Get behind the scenes with Mike as he takes you along the journey of his flight leg by leg, starting with some of his thoughts regarding the planning and prep work that lead to this incredible flight.
In looking back at my first around-the-world flight, I’m still amazed at how smoothly the trip went, considering all the things that could potentially go very wrong flying into 18 different countries. Thanks to the great reliability of the MU-2, and on this occasion, N50ET, I did not have to deal with mechanical issues, and I could focus on the other aspects of international flying such as communicating with foreign controllers, navigating tricky airspaces, seasonal weather patterns, etc.
I think we take this reliability for granted sometimes with the MU-2—a fact that caught my attention, when several months after my flight, Mike Collins (AOPA photographer documenting the flight) passed along an email to me from a pilot who made a trip around the globe in the 70s in a King Air 90. In the year and a half long flight that combined business with pleasure, the aircraft experienced two engine failures, necessitating a complete engine overhaul in order to fly back to the US.
A year prior to the trip, I began tracking performance figures base on N50ET based altitude, temperature and given indicated and true air speeds relative to fuel burn. Those numbers were compiled to determine the best average range based on head or tailwind components, allowing me to select on my longer legs (based on the weather conditions) the ideal speeds to fly. I worked very closely with BaseOps and was able to give them performance numbers that they loaded into their computer in order to provide accurate flight planning information for the trip.
For months on end, I would sit at home in the evenings plugging in different routes into the Great Circle Mapper on my iPad and planning my route according to my desired stops, the aircraft range, and potential fuel stops. This tool provided a great assistance as it would allow me to map out distances between the stops and allow me to make modifications once I took into consideration Airports of Entry, airport operating parameters, and just as importantly political sensitivities. Luckily winning a free 12-month International subscription to AC-U-KWIK—an online database of worldwide airport and handler information—at the Schedulers conference in San Antonio, made researching international airports a breeze. I also spent a good deal of time on Google Maps in search of airports within the range of N50ET. I had really hoped to see the Pyramids in Luxor, Egypt, but the civil and political unrest from earlier in the year did not improve. I also desired to make a couple stops in Western Australia including Perth, as part of my original flight plan, but the extra miles and steep User Fees had me selecting an alternate route.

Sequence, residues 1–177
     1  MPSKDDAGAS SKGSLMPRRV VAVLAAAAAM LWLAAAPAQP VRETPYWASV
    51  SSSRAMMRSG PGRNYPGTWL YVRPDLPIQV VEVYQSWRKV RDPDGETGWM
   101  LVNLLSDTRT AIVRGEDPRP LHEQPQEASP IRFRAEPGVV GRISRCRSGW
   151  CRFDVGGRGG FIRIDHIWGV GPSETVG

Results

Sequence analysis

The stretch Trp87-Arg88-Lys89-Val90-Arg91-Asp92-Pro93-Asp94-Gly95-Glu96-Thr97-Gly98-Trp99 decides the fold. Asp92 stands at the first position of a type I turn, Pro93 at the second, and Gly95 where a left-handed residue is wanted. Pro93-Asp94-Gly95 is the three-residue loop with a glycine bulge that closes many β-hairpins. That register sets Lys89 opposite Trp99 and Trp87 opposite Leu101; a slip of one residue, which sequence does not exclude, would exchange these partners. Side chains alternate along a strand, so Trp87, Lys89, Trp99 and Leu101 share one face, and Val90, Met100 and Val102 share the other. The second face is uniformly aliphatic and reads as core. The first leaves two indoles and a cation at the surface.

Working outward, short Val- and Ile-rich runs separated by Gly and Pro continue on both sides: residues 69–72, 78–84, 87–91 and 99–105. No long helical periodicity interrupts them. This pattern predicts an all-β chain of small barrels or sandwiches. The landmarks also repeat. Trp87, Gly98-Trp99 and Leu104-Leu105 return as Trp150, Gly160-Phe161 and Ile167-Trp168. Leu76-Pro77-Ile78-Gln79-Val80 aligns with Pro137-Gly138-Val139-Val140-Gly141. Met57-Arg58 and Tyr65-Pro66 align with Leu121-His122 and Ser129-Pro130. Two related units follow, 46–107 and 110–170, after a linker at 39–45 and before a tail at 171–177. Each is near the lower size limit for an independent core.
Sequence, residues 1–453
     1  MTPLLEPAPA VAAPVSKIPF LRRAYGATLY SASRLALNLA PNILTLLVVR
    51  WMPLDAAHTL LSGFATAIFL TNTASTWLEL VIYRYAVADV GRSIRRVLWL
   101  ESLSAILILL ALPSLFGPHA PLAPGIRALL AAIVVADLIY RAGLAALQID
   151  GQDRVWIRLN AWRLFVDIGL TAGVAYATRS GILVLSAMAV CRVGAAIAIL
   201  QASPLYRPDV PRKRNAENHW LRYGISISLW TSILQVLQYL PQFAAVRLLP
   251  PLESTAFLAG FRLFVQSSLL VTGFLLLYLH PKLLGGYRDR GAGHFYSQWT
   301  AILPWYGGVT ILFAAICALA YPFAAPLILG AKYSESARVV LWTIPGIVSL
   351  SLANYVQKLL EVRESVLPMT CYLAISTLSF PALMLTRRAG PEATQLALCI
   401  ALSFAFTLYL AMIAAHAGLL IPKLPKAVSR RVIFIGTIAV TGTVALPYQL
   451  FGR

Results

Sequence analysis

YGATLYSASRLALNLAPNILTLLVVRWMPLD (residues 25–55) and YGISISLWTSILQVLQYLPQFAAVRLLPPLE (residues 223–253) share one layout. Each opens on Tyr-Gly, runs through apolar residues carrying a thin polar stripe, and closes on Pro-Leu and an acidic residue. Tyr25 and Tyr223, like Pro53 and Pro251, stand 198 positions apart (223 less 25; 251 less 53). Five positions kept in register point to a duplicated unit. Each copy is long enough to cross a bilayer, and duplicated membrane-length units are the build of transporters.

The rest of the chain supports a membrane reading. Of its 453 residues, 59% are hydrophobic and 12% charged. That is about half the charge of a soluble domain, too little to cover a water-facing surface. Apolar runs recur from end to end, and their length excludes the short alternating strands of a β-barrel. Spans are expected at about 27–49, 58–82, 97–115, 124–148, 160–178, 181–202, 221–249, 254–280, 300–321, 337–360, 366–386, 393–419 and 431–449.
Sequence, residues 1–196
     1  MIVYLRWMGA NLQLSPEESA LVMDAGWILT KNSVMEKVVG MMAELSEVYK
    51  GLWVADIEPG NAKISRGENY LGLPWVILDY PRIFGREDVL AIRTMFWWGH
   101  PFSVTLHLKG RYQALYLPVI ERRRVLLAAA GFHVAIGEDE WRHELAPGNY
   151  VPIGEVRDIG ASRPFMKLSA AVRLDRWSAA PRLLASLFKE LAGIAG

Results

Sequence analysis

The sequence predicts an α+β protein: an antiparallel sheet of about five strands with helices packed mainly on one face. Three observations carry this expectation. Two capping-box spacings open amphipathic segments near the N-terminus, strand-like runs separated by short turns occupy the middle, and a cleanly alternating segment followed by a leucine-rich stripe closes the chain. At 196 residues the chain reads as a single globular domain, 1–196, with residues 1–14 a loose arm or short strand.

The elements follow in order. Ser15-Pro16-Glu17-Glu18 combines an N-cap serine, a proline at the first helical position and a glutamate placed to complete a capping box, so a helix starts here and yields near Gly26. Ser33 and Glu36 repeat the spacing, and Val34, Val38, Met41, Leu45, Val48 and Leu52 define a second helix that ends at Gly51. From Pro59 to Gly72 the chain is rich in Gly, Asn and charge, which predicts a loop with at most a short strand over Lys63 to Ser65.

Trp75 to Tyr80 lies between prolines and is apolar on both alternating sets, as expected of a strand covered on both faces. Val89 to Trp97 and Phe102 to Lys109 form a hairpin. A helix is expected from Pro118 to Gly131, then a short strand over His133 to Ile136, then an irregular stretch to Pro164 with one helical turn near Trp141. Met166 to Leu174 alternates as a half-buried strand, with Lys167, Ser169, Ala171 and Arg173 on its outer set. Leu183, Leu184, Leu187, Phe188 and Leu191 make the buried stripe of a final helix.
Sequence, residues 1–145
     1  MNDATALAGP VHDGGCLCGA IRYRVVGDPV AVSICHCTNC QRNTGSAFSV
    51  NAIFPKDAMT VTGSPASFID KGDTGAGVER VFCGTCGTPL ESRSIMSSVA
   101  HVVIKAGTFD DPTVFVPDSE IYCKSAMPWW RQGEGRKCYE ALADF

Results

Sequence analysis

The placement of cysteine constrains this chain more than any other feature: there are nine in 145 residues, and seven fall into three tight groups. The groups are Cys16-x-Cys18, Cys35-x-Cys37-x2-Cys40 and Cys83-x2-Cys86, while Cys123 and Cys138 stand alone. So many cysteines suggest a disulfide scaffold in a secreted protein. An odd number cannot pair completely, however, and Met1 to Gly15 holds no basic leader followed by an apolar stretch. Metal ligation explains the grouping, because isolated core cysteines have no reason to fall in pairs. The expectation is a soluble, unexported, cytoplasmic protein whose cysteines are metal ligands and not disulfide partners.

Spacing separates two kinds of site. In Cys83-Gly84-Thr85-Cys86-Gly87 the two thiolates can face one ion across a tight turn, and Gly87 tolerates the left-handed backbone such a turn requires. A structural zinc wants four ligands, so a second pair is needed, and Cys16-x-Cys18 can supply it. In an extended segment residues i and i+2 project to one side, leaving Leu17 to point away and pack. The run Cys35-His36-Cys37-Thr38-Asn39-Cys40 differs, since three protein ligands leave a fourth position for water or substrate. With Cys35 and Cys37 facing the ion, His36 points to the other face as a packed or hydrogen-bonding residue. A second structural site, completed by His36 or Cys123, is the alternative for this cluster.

The STC for the 5-bladed MT-Propellers was approved in just under a month prior to the flight. I had them installed as soon as I could, knowing that I still needed some flight time and thus assurance that there would be no performance degradation with the MTs that would make my performance numbers invalid. I was pleasantly surprised that I had an extensive fuel savings on the climb, and my cruise speed was the same, so I was actually burning less fuel per leg. (photo left: Hartzells off!)
The time and effort put forth by employees from Air 1st Aviation Companies, Air 1st, Inc., Carolina Turbine Support, BaseOps, and World Fuel made all the difference in the success of the trip. However, I am especially grateful for the support and encouragement from my wife Anne. Without that, there would have been no trip. On a flight the other day, I picked up the Delorme InReach communicator, which I had bought primarily for the around-the-world trip, and had fond memories looking back at the encouraging texts Anne had sent at various points along the way.
The details of the trip were put together with a realistic schedule for my arrival into Nagoya on the 13th of September, 2013. I did not ask or expect any support or hospitality from anyone due to the fact that the flight was planned and executed as my own personal trip. I was later pleasantly surprised by some of the support I did receive, which will be mentioned in a later article.